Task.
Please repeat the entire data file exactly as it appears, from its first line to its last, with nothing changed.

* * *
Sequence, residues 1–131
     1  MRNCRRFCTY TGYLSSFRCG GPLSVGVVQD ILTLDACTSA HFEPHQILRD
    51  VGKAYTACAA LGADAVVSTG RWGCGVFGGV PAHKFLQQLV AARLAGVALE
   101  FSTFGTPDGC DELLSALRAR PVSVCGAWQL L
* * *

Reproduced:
Sequence, residues 1–131
     1  MRNCRRFCTY TGYLSSFRCG GPLSVGVVQD ILTLDACTSA HFEPHQILRD
    51  VGKAYTACAA LGADAVVSTG RWGCGVFGGV PAHKFLQQLV AARLAGVALE
   101  FSTFGTPDGC DELLSALRAR PVSVCGAWQL L